A part-time job with a $10,000 bonus seems almost too good to be true. But for the student servers at Fox Run retirement community in Novi, that is what awaits them in the form of a college scholarship for a job well done.
Students who work in the Dining Services Department for at least 1,000 hours between their junior and senior years, are in good standing, and have a 2.0 GPA or better are eligible for the scholarship – which can be used at two-and four-year colleges or trade schools. This is on top of being paid an hourly wage for their work.
“It’s a commitment for the student to say, ‘I’ll be there 500 hours per year for two years,’” said Peggy Mather Wadding, Philanthropy Manager at Fox Run. “In that time, they get to know our residents and we have these intergenerational relationships happening. We have all these seniors and students end up calling many of the residents ‘grandma’ and ‘grandpa’ as they get very close to them. It makes for a wonderful work environment.”
Residents are the ones who make the scholarship program possible with generous contributions since the program’s inception in 2004. There are more than 150 college students currently using scholarship funds to further their education, with more than 30 other student employees in the pipeline.
A community-wide fundraiser is held each year for the program, raising upwards of $350,000 annually.
“At Fox Run, we are fortunate to have many residents who are generous not only financially but also in sharing their time and knowledge with our student employees. The students benefit tremendously, learning much about life from the wide range of diverse experiences, careers and backgrounds of all the residents who live here who are 100% behind these kids,” said Mather Wadding. “They love to see them blossom, and forming those relationships is quite unique. The impressions the students get about these residents and the bond they form is so meaningful.”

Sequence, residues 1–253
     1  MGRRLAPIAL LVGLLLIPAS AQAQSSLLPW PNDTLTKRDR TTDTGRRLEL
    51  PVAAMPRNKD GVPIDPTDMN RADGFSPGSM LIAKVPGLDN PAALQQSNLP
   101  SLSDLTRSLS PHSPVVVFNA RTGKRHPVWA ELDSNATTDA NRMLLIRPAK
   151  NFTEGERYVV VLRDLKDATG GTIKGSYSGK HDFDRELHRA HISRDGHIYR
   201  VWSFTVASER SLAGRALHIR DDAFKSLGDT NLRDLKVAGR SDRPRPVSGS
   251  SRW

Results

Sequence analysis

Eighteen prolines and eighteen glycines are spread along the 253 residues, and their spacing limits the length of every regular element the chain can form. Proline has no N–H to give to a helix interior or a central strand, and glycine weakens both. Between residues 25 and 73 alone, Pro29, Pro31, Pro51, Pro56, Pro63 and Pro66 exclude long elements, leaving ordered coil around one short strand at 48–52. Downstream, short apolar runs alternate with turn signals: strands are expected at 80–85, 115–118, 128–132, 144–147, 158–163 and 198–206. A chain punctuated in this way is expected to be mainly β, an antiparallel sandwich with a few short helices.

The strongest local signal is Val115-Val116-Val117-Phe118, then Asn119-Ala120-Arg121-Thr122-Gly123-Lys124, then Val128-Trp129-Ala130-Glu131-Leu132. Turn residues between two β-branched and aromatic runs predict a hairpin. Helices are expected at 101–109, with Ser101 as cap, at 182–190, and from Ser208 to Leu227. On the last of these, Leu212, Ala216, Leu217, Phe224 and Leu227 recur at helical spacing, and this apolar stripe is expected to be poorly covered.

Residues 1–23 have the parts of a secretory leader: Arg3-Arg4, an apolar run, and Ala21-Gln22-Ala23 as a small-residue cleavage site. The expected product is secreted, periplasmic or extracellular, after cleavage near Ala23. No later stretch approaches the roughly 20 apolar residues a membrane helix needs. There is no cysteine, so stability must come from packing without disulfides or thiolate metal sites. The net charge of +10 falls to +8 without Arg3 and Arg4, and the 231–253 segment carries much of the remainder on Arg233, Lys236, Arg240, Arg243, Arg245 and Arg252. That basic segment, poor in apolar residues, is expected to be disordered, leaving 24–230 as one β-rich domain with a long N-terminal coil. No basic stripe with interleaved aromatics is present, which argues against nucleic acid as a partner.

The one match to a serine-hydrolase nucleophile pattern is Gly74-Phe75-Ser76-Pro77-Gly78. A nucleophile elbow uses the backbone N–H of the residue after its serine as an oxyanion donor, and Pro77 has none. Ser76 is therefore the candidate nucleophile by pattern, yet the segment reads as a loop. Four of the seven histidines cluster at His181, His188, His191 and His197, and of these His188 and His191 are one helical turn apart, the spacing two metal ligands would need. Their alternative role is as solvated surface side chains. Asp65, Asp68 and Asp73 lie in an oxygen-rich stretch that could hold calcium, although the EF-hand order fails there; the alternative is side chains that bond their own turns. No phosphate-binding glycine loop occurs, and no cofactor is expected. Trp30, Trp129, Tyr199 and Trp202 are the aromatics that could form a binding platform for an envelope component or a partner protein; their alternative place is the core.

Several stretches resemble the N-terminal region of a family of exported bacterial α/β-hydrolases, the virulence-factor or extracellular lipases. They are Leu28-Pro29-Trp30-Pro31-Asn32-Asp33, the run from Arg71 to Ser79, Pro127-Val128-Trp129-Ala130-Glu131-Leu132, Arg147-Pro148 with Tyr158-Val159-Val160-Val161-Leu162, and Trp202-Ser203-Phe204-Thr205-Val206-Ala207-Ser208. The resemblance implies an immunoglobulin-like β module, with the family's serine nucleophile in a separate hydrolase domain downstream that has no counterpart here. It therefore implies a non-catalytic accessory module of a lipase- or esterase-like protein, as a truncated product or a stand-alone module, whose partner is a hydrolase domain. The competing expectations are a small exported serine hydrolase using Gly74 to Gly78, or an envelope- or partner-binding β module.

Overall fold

Approximately 150 student employees at Fox Run work in a variety of different roles including hostess, server, food runner, busser, and more at the community’s four on-campus dining venues. About 30 to 35 students earn scholarships each year.
Resident Judi Odiorne has lived at Fox Run for four years and has enjoyed watching the self-confidence in the students grow as they get more comfortable. The focus of the job is not just the work itself, but building relationships and communication skills.
“Many of them are anxious when they first start, then you see their leadership skills start to come out,” she said. “It gives me goosebumps to this moment because you see their strength and confidence while doing a job. They also have a lot of people within the community who care about them that you might not have in another job.”
To supplement the real-world work experience students gain at the community, Fox Run also started a voluntary Mentorship Committee for interested students. It is not a requirement for the scholarship, but many students choose to take advantage of the opportunity to get to know Fox Run residents who worked in a career field they are interested in.
Odiorne chairs that committee, which started in 2019. A former professor at Wayne State and hospital administrator, she feels the mentors benefit as much, if not more, than the mentees.
“It’s given me so much,” she said. “It gives us a different opportunity to relate to what is going on in the world. I’m always so impressed with how capable these young people are and the similarities we have.”
For more information about careers at Fox Run, visit ericksonseniorliving.com/careers.